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The Future's Innovative Entrepreneurs
Mike Cassidy C. Michael Cassidy
President and CEO
Georgia Research Alliance
Atlanta, GA

The future's most successful entrepreneurs will most likely be different than those today. They may be wearing lab coats rather than sport coats, and safety glasses rather than contact lenses. As comfortable in ivory towers as office towers, they may be using microscopes more than Microsoft.

In Georgia this kind of future is well underway. The Georgia Research Alliance Eminent Scholars™ program has already attracted 51 world-class scientists doing groundbreaking research and now is focused on bringing research results into the commercial marketplace. Scholars, research, innovation and commercialization are creating a potent force in the global competition for innovation and high-tech, high-wage jobs.

Many successful research scientists have shown that they can be successful entrepreneurs. Leaders in many states, recognizing this potential, are providing new resources for research as a way to strengthen economic development. California leaders and voters recently saw this opportunity and authorized spending $3 billion on stem cell research, but Georgia made the connection in 1990, launching the Georgia Research Alliance (GRA). This public-private partnership helps harness the collaborative power of the state's six research universities to create, improve and grow science- and technology-based companies.

In the past 15 years, the GRA has invested $400 million to recruit top researchers in advanced communications, computing and the biosciences. Besides attracting top scientific talent, it has produced new and improved laboratories that have brought the flow of research into companies in the form of marketable products and services.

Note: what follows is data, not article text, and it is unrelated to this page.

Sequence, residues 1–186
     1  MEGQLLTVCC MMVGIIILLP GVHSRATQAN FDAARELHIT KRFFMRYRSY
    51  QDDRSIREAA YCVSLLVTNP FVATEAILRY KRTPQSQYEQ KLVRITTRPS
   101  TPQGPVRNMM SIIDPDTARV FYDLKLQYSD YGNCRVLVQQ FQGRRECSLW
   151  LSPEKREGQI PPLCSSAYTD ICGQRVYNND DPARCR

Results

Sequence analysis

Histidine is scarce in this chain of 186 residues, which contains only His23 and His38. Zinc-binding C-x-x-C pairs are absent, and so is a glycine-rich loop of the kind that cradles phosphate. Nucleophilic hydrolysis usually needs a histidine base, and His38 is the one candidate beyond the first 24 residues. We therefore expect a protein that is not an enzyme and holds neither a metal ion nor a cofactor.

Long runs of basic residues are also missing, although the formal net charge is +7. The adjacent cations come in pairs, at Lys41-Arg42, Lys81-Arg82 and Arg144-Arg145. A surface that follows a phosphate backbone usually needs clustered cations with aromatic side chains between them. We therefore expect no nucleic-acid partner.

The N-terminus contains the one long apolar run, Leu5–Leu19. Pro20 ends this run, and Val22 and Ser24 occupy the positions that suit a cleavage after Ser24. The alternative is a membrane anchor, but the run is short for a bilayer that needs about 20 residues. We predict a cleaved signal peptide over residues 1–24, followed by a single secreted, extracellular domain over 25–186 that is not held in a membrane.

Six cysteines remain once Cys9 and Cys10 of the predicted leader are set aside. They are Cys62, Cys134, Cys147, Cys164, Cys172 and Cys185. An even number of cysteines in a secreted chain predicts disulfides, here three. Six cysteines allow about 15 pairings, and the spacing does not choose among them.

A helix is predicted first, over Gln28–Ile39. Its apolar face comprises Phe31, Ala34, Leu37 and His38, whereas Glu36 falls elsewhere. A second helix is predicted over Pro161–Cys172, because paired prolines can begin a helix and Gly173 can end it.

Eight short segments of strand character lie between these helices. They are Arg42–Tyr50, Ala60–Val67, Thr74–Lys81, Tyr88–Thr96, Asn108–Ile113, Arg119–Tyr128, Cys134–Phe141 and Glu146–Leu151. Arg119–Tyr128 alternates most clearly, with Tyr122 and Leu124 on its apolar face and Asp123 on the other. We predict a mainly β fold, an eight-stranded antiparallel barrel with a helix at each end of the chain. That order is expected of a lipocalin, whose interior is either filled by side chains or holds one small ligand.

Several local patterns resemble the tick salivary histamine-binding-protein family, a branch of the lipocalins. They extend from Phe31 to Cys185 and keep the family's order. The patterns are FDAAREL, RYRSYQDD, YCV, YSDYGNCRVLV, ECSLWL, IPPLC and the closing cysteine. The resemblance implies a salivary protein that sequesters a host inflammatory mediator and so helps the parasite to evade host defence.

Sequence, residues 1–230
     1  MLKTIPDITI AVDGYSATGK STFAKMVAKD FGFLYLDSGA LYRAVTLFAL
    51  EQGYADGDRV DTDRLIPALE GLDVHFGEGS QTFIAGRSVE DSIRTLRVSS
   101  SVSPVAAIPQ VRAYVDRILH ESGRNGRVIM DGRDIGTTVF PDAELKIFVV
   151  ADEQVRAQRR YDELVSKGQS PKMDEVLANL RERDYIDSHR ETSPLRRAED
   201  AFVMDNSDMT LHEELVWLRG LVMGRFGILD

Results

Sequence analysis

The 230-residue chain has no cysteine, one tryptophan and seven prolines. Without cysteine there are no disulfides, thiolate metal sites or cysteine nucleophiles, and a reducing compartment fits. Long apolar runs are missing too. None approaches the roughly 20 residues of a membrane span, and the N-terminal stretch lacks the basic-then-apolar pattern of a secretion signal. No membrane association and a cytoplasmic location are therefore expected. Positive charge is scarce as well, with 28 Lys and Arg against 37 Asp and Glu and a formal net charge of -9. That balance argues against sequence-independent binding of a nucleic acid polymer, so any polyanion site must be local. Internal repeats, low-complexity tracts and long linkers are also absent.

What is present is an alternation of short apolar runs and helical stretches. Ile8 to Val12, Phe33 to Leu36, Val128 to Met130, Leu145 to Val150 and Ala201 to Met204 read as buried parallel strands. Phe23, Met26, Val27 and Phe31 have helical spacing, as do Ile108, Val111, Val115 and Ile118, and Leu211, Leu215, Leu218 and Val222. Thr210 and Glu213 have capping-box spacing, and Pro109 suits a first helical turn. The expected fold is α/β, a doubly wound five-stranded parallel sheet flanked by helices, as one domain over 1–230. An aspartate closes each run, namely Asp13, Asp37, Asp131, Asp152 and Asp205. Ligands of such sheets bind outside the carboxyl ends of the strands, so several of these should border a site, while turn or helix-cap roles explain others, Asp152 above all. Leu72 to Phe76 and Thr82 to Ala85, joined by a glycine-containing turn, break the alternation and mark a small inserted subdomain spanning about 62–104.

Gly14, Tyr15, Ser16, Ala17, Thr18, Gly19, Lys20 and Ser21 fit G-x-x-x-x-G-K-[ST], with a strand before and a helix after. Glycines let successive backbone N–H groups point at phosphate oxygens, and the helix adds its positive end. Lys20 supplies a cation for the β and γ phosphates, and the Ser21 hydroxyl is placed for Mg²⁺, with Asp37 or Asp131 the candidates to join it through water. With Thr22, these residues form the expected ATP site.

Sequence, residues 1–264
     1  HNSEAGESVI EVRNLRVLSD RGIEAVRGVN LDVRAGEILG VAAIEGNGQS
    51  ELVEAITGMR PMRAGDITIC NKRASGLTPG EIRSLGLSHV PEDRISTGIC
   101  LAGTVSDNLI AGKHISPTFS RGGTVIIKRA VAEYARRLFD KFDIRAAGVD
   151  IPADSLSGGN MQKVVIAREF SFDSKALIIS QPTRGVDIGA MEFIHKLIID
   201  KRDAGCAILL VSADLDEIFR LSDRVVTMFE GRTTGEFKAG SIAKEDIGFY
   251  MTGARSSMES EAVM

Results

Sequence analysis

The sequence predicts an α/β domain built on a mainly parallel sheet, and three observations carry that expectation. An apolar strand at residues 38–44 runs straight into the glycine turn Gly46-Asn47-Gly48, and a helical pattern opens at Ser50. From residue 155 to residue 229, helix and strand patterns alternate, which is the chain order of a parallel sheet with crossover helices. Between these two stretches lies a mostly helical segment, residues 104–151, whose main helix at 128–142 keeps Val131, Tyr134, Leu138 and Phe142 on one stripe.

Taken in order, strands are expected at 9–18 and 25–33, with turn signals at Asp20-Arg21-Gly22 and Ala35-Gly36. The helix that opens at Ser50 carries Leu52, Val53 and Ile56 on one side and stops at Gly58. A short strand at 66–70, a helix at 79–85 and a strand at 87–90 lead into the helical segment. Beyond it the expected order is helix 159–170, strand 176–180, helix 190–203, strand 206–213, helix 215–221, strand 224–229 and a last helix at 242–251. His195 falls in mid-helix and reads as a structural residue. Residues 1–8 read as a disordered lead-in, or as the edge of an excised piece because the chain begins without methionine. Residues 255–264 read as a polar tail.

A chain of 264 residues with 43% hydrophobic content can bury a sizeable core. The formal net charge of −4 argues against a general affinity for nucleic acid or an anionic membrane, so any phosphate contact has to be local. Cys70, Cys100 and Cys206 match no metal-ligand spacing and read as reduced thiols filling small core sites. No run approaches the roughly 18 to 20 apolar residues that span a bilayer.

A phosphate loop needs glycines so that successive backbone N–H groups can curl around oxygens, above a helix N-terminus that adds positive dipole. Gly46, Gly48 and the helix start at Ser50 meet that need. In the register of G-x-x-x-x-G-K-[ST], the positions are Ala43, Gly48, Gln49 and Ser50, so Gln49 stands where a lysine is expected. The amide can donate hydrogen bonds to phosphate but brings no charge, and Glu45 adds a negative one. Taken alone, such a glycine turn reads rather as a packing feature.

Research funding follows scholarly talent and the increase in research funding has been dramatic. GRA's investment has returned more than $2 billion in federal and private funding. But more significantly, the GRA Eminent Scholars™ researchers and their colleagues attracted to Georgia have led to the creation of more than 4,000 high-paying jobs and 125 new companies.

To nurture the growth and success of young companies, the GRA collaborates with the state's research universities, helping provide an infrastructure of support. New business "incubators" link fledgling companies with management talent, funding sources and industry contacts - all before they leave academia behind. Two of the many new companies have gone on to be publicly traded: AtheroGenics, a pharmaceutical company focused on novel drugs for the treatment of chronic inflammatory diseases, and Inhibitex, a clinical stage, biopharmaceutical company focused on novel "first-in-field" antibody-based products to prevent and treat serious bacterial and fungal infections.

Advancing the progress of scholars and research institutions as part of strategic economic development has also helped the state's existing companies. Numerous firms in Georgia's private sector, from poultry producers to medical manufacturers, accessing these valuable resources, have become more competitive, keeping and adding new jobs in Georgia.

Leading firms nationwide -- Google, Hewlett-Packard and Gillette among them -- trace their origins to research universities. Just as these firms took time to grow, so Georgia has several jewels poised for growth, and the best is yet to come. Research and innovation is the key to the 21st century economy, and the company with the best innovators wins.

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